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The Rocky Mountain Collegian

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The Rocky Mountain Collegian

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Inside look: CSU’s a cappella culture

Most recently made popular by the movie “Pitch Perfect,” a cappella groups are a growing trend at universities.There are three main coed a cappella groups at CSU: Mainstreet, Bassic and Resonant RAMblings. These groups provide an outlet to come together as a group and create a bond, and they provide a great opportunity to experience music outside of a non-music major.

“Joining (an a cappella groups) is a good way to get involved with music, especially if you’re not a music major or a performance major,” said Resonant RAMblings Financial Advisor and Co-Music Director Hayley Lewis.


A lot of the group members are not studying music at CSU, but they still have a love and passion for music, and participating in a capella lets them express this.


Mainstreet is a very new group to CSU. It started in 2014. They are composed of 17 members, four of each vocal part plus one beat boxer. They perform mostly modern and contemporary songs everywhere from Old Town in Fort Collins to an a cappella festival in Denver.

Mainstreet prides themselves in trying to perform and get involved in the community as much as possible. They do this in performing anywhere and everywhere, including benefit galas and retirement homes.

All of the group members are good friends. The majority of the music they perform are covers, but they are working on creating their own arrangements like a recent Adele medley that one of their members arranged.

They also get paid for some of their performances, and all of this money goes right to the group to fund more performing equipment. Right now they are trying to get new microphones.

Once members audition and get into Mainstreet they earn their spot for as long as they are at CSU, which can make auditions a bit far and few inbetween. But, when there is a spot available, it will be posted on their website, Facebook page and at the campus involvement fair. And, anyone can audition regardless of major or musical background.


Bassic is another fairly young group only have been here for five years. They are composed of 15 members that perform mostly modern pop music and a few songs from older days as well. They perform everywhere around campus like the UCA, the plaza, the LSC Theater and even Music Appreciation classes.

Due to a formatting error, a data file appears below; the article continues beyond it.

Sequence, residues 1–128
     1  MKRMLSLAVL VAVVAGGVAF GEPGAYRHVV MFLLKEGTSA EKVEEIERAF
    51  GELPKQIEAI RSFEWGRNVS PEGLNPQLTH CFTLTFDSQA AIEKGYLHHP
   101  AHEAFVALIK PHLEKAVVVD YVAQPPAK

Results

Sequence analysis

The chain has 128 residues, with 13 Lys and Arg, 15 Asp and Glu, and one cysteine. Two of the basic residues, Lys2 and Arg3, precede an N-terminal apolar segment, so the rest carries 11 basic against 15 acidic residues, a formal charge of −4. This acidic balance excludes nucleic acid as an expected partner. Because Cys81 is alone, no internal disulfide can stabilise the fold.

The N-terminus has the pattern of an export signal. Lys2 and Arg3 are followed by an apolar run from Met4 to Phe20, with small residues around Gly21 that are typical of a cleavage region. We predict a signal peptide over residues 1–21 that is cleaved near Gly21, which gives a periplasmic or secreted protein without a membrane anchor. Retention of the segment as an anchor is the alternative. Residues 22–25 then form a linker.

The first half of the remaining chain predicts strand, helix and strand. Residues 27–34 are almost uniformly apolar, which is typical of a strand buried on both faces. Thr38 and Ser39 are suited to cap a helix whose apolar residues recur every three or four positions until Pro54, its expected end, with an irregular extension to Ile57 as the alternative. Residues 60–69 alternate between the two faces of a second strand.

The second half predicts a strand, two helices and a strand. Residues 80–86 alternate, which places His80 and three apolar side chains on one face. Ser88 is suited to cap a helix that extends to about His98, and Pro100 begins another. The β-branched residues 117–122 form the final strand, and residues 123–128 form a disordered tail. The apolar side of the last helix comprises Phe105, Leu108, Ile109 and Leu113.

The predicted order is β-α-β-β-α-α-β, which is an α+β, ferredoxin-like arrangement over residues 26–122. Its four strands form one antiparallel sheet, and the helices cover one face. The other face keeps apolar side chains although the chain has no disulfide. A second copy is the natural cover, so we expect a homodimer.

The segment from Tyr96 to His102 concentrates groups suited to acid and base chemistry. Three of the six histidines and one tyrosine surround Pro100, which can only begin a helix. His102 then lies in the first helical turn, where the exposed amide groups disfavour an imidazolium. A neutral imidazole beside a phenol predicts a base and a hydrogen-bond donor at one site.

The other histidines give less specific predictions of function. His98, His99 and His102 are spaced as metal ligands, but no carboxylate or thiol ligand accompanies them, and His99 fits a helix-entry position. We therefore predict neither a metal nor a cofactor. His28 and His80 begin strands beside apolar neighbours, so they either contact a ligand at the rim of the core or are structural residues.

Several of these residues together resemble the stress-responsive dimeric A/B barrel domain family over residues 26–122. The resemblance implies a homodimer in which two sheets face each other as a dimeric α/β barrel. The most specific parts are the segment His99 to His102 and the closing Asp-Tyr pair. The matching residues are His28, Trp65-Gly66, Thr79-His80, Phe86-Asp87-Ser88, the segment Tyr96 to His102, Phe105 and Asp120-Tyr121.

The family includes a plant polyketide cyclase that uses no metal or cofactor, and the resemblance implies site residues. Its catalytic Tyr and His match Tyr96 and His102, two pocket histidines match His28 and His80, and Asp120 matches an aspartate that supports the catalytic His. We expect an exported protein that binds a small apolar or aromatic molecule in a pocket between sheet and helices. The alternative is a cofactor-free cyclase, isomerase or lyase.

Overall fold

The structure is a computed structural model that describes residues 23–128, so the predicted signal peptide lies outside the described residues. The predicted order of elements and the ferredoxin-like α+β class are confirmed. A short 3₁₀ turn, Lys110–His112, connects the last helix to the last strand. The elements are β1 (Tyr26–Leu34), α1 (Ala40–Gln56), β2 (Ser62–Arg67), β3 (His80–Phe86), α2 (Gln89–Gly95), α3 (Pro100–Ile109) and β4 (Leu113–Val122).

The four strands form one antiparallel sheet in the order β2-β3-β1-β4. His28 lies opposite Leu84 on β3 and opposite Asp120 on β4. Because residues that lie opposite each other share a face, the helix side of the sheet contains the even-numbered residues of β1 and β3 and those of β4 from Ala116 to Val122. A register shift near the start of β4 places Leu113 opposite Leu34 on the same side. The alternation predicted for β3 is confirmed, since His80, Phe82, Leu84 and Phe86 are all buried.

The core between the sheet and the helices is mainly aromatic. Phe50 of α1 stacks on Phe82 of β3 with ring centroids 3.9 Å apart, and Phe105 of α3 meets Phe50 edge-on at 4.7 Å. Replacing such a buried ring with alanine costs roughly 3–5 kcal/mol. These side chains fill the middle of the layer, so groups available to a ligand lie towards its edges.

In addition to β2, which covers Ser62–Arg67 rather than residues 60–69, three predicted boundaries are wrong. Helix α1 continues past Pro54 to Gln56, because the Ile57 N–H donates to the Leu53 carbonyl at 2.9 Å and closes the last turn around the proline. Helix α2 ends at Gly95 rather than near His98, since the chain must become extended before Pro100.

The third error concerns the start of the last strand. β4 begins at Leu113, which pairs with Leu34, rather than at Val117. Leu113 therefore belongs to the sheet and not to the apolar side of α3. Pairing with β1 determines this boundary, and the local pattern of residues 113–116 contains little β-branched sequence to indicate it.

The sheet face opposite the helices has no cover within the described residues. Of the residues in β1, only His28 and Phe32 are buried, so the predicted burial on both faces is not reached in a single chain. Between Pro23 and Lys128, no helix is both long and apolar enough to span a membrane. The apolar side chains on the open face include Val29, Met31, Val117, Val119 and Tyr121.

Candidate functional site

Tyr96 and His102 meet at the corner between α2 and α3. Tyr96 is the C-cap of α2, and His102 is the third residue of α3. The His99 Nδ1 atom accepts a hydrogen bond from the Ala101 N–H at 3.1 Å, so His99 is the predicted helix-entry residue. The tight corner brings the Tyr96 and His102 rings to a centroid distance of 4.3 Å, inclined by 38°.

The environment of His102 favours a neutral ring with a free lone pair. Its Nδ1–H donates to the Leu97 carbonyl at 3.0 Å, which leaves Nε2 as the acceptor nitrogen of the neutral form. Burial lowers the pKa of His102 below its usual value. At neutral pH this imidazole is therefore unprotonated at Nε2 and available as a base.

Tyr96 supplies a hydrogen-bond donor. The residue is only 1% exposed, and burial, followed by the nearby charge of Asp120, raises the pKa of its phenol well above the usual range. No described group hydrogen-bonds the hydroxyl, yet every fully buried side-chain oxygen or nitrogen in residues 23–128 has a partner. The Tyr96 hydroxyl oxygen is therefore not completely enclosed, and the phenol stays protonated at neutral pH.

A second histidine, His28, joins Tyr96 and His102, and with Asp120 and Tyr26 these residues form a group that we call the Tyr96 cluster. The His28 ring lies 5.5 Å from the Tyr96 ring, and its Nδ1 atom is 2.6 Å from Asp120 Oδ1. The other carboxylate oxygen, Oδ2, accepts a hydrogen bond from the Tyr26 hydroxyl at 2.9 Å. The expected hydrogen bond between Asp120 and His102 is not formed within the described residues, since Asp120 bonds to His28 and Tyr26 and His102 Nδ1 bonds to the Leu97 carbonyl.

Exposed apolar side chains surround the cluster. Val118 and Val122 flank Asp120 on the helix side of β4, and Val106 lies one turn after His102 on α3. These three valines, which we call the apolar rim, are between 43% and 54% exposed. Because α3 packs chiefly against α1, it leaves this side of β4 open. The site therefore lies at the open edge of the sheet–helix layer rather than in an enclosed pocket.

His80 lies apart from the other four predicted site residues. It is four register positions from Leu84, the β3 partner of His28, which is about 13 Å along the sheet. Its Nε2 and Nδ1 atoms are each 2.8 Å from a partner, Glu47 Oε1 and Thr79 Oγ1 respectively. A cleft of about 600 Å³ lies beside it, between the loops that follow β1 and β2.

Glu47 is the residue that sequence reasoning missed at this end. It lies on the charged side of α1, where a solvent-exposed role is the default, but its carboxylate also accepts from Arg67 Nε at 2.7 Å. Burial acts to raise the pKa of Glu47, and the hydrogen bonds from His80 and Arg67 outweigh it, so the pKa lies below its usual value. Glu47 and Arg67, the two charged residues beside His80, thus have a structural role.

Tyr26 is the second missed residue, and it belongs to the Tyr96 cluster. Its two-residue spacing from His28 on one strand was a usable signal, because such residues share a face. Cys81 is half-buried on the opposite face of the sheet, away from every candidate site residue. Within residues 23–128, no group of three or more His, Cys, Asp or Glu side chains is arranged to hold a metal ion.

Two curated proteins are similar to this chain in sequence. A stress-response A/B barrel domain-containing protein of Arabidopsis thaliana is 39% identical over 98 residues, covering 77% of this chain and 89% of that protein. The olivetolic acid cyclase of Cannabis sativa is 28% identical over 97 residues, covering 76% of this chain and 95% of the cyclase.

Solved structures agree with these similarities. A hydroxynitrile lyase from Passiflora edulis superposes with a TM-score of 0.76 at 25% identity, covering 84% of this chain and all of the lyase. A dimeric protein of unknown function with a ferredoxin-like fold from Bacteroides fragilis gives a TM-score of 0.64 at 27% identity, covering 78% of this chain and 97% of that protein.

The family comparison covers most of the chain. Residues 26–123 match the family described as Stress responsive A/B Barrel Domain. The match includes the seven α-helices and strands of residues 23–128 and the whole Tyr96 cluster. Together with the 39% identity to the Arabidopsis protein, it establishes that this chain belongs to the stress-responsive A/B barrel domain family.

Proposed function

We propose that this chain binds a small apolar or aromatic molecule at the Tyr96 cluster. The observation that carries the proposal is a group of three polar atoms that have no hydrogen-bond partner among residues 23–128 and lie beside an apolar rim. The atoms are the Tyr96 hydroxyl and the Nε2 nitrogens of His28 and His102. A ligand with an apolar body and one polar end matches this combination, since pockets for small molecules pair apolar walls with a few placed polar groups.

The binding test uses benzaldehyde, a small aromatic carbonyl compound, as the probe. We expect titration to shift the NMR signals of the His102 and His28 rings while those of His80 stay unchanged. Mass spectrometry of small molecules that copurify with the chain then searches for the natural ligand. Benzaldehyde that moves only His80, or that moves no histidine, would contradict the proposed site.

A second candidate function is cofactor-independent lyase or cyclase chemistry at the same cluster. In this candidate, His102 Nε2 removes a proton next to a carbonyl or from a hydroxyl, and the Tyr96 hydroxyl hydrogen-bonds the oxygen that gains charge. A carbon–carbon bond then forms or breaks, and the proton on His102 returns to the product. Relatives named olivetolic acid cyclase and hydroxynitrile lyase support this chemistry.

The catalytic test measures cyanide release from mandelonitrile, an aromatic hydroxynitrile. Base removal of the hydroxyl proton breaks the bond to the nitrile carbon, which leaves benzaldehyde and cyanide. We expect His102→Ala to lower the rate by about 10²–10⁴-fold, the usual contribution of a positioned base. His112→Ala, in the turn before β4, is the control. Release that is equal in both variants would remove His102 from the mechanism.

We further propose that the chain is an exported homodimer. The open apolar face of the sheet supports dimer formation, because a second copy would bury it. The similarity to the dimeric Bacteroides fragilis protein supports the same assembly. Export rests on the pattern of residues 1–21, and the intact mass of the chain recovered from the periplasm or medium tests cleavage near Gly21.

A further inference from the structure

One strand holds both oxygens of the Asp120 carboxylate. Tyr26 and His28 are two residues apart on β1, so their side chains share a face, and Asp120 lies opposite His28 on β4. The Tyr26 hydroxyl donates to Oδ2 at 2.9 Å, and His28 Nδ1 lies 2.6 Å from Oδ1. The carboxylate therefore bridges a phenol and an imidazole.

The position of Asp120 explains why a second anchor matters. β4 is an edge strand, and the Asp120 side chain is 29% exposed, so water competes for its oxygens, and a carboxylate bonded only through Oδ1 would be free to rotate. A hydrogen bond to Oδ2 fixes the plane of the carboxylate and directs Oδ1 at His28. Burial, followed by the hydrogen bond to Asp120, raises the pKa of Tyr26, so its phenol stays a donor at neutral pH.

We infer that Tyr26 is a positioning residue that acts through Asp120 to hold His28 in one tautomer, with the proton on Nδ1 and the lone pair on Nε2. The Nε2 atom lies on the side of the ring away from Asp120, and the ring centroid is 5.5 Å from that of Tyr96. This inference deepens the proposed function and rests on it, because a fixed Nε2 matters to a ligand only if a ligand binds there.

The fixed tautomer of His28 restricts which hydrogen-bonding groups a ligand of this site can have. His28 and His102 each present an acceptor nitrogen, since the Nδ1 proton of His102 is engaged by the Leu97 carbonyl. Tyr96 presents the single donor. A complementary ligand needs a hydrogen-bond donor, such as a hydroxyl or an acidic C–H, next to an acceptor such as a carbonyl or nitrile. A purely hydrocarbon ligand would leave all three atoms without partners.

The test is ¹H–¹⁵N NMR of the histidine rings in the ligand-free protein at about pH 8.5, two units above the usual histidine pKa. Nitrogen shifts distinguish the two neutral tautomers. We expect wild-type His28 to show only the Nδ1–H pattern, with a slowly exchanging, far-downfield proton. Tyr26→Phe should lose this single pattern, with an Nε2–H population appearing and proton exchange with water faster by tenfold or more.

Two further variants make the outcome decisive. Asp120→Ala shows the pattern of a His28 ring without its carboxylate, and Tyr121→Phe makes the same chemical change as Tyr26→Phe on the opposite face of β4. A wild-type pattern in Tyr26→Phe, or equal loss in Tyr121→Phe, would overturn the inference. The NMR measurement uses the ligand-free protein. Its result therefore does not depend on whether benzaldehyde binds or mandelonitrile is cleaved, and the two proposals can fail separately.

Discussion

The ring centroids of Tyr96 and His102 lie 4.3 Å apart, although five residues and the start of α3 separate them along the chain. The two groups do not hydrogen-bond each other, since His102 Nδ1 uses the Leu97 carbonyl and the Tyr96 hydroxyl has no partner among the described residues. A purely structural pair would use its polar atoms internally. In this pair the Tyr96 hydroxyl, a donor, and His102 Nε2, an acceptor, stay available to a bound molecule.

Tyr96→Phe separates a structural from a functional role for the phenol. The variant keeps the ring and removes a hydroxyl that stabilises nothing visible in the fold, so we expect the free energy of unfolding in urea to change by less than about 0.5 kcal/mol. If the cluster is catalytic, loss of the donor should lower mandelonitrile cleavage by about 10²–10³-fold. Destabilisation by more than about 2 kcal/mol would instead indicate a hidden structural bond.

They are a young group, but they are growing. They are a group that is here to have fun and create music goals so that they can also grow as a group.

“We are unique in that we do a great job of having tons of fun, however, our goals are growing, and we’ve become actually very good over my time in the group,” said Bassic President Nick Witek.

Witek goes on to say that singing with a group is a good way to grow closer to those you are singing with. Their auditions are held every fall, and you can sign up for these on ramlink.

Resonant RAMblings

To contrast the other two groups, the Resonant RAMblings are not only a few years old, they have been making music since the 1990s, easily making them the oldest a capella group on campus. They are currently a group of 11, but they are still looking to make that 13. They perform a lot of popular music mostly dating back to the 90s and 2000s.

“We try to do things that everyone can know,” member Noah Davidson said.

They too perform at a wide range of venues including Morgan Library and even marriage proposals. Like Mainstreet, Resonant RAMblings will also occasionally get paid for their performances, and all of that money stays within the group to fund performing equipment and expenses.

The best way to get involved is to like their Facebook page. They are also currently looking to fill a bass and baritone position.

These a cappella groups are unique and important to the culture at CSU. They provide a great opportunity to make music and create friendships. The group members encourage anyone interested in singing to audition.

“Don’t give up if you don’t make it the first time because we’re probably looking for a specific part,” Lewis said.

“Take feedback objectively, and act on it positively,” adds Witek.

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